The voice is the carrier signal of speech. The process of voice production, also called phonation, can be described by the interaction between the tracheal airflow and the two elastic vocal folds in the larynx which are excited to periodical oscillations. Thus, the two oscillating vocal folds (normally between 100 Hz and 300 Hz) periodically interrupt the expiration air stream forming the primary acoustic voice signal. Although we use our voice continuously and take it for granted, the exact causalities between airflow, vocal fold dynamics, and resulting acoustic voice signal, especially for disturbed or dysphonic voice, are still not fully understood Our central objective is to develop an aeroacoustic computational model “simVoice” for clinical applicability in future. The “simVoice” model will be a hybrid 3D-FVM (computational fluid with driven structural dynamics) and 3D-FEM (aeroacoustics) model, being optimized in computing time due to reduced complexity but still able to resolve the phonatory components to the needed degree. Innovative scientific aspects of this project include the knowledge to which amount turbulent scales have to be resolved for sustaining critical acoustic characteristics, revealing the cause and effect chain of dynamics-airflow-acoustics for the phonation process and the first detailed numerical study on the dependencies of vocal fold dynamics towards the acoustic quality. The expected clinical valuable outcomes of “simVoice” are to (1) help understanding pathological and physiological voice production processes, (2) identify new treatment approaches and to (3) simulate conservative and surgical treatment outcome.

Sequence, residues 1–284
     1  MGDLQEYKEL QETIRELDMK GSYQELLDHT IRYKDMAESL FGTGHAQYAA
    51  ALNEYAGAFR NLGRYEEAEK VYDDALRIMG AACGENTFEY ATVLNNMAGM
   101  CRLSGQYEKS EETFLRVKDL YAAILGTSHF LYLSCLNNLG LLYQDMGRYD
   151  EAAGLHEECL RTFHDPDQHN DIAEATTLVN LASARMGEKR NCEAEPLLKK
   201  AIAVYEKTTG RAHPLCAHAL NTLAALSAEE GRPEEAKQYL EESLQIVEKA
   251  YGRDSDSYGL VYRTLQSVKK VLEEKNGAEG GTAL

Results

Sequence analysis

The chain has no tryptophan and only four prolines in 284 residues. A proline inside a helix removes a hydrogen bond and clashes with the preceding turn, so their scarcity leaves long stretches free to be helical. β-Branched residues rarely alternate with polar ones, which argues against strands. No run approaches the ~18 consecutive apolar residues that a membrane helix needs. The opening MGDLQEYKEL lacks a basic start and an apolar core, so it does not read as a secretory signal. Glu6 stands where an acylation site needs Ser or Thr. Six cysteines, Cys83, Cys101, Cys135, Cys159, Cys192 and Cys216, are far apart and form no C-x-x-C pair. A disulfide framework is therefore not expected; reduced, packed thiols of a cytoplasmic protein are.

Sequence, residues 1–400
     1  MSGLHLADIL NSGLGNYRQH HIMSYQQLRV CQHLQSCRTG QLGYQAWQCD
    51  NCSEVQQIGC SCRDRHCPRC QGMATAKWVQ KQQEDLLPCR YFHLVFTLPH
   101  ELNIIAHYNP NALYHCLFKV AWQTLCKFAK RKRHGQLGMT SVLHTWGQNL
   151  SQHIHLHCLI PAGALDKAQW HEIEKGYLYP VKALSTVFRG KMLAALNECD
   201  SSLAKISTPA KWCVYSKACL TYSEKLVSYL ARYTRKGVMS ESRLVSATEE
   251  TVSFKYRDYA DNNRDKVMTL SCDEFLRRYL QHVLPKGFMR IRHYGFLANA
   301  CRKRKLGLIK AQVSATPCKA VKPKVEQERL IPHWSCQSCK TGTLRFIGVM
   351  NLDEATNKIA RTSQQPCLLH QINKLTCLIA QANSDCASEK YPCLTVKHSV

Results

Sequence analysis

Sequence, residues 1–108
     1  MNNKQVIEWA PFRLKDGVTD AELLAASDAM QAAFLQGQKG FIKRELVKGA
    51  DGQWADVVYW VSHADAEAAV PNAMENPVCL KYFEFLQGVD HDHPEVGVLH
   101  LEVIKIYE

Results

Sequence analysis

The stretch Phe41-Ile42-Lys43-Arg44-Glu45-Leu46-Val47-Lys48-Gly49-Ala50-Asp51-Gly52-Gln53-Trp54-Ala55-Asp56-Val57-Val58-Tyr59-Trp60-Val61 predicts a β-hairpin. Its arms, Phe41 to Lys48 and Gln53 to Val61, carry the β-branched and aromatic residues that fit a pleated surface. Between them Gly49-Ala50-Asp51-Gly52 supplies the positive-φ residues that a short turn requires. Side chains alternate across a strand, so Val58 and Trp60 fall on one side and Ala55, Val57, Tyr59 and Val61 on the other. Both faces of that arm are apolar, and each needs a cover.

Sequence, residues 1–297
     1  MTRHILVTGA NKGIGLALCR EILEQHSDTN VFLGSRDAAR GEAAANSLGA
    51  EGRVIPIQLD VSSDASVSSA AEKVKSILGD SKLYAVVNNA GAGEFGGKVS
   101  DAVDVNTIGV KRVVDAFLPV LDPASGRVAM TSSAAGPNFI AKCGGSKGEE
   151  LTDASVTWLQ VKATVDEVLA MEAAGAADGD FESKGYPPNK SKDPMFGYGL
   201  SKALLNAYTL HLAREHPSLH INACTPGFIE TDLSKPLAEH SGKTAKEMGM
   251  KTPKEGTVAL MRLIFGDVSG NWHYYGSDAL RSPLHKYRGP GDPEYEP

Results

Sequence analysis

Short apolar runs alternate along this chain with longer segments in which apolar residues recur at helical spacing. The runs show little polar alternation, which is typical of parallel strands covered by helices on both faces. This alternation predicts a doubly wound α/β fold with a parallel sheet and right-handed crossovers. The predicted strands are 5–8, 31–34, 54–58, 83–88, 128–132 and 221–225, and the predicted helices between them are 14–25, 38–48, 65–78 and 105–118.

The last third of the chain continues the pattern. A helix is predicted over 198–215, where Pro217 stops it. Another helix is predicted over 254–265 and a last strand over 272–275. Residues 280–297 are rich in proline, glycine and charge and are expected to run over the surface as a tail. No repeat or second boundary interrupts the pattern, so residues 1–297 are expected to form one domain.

|Effective start/end date||1/11/20 → 31/05/21|
Explore the research topics touched on by this project. These labels are generated based on the underlying awards/grants. Together they form a unique fingerprint.